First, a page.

317-2 Effects of Soil Assessment Unit Scale On Quantifying CH4 Emissions From Rice Fields In the Tai-Lake Region of China by DNDC Model.

Poster Number 2331

See more from this Division: S10 Wetland Soils
See more from this Session: General Wetland Soils: II
Tuesday, October 23, 2012
Duke Energy Convention Center, Exhibit Hall AB, Level 1
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Dongsheng Yu1, Li Ming Zhang2, Xuezheng Shi1 and Eric D. Warner3, (1)Institute of Soil Science, Chinese Academy of Sciences, Nanjing, China
(2)College of Resource and Environment, Fujian Agriculture and Forestry University, Fuzhou, China
(3)The Applied Research Laboratory, The Pennsylvania State University, University Park, PA
Poster Presentation
  • poster.pdf (1.1 MB)
  • Soil polygons and grids have been used as assessment units to represent soil properties in regional scale modeling, with the common outcome being that modeling error will be lower if all features within the assessment unit are more homogeneous. However, it is more difficult for raster cells to be homogeneous than polygons, as polygon boundaries can be manipulated to better fit the natural alignment of the feature. Soil polygons are the preferred format for the regional scale modeling. Despite this, it is not yet fully understood how map scales of soil assessment units affect modeling, and how to identify an optimal map scale for the regional scale modeling. Six soil polygonal datasets were generated from soil vector maps at scales of 1:50,000 ~ 1:14,000,000, to estimate CH4 emissions from paddy soils in the Tai-Lake region of China using the DNDC model. The 1:50,000 scale dataset (P005) was the most detailed and accurate soil database of the region. DNDC simulated CH4 concentrations from input of the other 5 datasets were compared with that obtained by input of the P005 dataset using metrics with the following outcomes. a.) Relative variations (VIV, %) of three indices, paddy soil area (APS, ha), annual mean CH4 emission (AME, Gg y-1) and emission rate (RGE, kg ha-1 y-1), calculated for 1: 200,000 (P02) data were all < 5%, b.) VIVs associated with the three indices assessed for 1:500,000 (P05) and 1:1,000,000 (P1) data ranged from 0.8% to 15%, and c.) VIVs for the three indices determined for 1:4,000,000 (P4) and 1:14,000,000 (P14) data were all > 20%, the greatest equaling 138%. Accuracy and computational efficiency assessments of regional scale DNDC modeling indicate that P02 scale input are preferred, those at scales of P4 and P14 are the source of unacceptable error, and even greater uncertainty exists when assessment units at scales of P05 and P1 are used. The results provide guidelines for modeling soil carbon/nitrogen cycle and climate change impacts in China. Further, they help build a global understanding concerning appropriate scale input data for carbon/nitrogen cycle modeling.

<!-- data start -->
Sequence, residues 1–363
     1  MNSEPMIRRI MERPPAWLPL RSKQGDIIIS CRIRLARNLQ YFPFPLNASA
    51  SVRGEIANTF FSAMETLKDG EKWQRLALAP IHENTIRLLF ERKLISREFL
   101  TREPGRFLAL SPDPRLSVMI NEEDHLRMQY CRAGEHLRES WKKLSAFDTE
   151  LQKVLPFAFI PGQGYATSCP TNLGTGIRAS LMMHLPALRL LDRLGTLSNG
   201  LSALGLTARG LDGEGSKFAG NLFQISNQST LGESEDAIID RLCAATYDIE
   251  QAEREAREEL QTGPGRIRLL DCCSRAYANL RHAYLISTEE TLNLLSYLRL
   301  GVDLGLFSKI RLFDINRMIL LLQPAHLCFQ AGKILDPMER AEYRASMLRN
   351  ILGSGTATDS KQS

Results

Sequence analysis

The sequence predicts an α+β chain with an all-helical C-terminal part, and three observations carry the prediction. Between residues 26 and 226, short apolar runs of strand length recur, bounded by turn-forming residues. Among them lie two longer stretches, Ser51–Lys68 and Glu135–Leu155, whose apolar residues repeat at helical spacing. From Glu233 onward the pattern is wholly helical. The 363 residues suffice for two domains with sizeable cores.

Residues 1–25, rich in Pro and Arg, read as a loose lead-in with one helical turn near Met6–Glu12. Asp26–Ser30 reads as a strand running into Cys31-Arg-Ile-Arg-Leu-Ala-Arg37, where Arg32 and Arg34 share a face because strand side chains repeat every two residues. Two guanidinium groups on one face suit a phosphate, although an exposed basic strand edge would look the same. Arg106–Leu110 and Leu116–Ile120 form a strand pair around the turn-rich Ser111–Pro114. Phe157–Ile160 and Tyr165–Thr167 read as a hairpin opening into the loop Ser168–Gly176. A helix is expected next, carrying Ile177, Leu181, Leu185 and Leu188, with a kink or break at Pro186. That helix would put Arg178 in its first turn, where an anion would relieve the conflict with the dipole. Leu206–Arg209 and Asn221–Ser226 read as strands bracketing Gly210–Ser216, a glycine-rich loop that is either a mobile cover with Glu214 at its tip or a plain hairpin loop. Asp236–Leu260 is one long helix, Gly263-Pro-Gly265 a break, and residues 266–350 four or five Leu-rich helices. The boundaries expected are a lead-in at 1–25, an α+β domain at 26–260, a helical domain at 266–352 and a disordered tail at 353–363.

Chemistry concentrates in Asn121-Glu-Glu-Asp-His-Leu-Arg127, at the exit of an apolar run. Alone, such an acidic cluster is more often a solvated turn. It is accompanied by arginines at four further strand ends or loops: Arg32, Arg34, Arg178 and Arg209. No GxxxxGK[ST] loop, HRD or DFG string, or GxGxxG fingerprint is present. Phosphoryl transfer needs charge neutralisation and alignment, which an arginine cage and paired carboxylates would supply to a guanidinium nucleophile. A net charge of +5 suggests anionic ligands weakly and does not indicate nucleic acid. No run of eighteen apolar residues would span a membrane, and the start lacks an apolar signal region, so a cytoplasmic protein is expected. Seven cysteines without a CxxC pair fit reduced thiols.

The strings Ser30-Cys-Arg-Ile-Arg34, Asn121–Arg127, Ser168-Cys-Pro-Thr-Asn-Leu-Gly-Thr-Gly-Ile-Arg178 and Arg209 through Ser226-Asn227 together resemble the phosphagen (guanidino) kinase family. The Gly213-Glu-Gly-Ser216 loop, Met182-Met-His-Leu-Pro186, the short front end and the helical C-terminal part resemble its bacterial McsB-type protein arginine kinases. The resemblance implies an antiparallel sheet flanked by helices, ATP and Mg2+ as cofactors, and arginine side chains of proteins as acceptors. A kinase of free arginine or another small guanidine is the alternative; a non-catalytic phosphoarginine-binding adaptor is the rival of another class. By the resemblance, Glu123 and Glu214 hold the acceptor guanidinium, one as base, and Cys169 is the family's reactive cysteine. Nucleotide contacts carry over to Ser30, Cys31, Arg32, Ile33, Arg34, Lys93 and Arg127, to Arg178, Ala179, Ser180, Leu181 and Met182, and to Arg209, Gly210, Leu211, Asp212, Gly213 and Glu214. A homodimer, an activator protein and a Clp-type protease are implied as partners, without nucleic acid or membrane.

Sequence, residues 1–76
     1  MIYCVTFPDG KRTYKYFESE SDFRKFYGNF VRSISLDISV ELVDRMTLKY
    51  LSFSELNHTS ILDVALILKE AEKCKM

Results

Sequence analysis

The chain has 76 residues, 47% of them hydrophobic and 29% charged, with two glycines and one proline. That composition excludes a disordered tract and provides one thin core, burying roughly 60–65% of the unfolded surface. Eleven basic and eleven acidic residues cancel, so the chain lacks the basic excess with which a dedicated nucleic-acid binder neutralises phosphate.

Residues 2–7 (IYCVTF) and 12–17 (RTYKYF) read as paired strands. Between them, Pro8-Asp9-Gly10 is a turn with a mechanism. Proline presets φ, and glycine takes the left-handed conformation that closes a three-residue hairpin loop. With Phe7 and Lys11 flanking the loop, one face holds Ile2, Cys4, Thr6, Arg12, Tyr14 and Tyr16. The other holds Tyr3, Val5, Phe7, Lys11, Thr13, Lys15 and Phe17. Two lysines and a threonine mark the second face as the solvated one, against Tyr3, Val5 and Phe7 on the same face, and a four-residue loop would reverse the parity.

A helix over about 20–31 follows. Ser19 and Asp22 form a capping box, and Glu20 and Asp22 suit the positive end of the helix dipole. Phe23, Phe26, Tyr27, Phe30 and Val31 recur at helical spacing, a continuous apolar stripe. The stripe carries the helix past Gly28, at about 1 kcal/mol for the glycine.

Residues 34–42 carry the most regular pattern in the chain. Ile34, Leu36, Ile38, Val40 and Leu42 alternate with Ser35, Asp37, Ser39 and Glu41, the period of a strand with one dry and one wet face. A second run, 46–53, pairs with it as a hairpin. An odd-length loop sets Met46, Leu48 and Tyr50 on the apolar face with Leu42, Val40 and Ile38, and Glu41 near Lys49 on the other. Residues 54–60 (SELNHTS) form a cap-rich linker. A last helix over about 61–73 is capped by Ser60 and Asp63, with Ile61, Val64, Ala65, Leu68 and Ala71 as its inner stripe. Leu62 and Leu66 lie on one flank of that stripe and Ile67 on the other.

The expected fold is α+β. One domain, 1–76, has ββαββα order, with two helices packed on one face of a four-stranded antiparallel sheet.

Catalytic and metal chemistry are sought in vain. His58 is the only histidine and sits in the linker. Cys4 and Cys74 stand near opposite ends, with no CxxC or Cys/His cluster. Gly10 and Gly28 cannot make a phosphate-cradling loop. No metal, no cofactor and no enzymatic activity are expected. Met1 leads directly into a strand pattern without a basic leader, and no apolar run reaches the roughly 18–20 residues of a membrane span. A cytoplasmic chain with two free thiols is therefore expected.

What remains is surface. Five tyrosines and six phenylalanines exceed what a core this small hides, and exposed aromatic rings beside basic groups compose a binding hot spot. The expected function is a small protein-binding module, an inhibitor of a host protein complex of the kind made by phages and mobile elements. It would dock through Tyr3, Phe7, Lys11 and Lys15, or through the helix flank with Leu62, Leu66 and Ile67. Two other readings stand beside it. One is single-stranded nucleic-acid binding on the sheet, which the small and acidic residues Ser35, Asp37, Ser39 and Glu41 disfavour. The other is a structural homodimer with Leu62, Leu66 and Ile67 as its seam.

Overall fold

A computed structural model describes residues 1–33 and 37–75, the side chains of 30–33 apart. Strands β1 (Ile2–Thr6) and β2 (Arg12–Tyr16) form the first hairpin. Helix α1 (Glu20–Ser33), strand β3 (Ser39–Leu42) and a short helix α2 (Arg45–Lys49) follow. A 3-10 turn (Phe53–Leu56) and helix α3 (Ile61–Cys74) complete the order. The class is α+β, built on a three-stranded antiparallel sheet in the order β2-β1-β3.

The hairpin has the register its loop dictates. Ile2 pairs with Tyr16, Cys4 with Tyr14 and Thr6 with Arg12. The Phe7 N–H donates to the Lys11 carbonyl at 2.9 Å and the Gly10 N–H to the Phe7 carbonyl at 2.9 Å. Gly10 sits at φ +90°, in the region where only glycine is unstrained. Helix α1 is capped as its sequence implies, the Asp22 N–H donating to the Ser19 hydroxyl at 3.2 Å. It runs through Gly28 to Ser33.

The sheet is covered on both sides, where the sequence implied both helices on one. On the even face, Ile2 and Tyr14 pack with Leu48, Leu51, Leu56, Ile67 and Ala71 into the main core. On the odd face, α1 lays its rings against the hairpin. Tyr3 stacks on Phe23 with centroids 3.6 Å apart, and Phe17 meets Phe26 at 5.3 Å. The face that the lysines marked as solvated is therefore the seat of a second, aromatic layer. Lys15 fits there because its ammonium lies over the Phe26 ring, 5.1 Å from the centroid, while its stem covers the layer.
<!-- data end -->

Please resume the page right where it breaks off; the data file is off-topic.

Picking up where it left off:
See more from this Division: S10 Wetland Soils
    See more from this Session: General Wetland Soils: II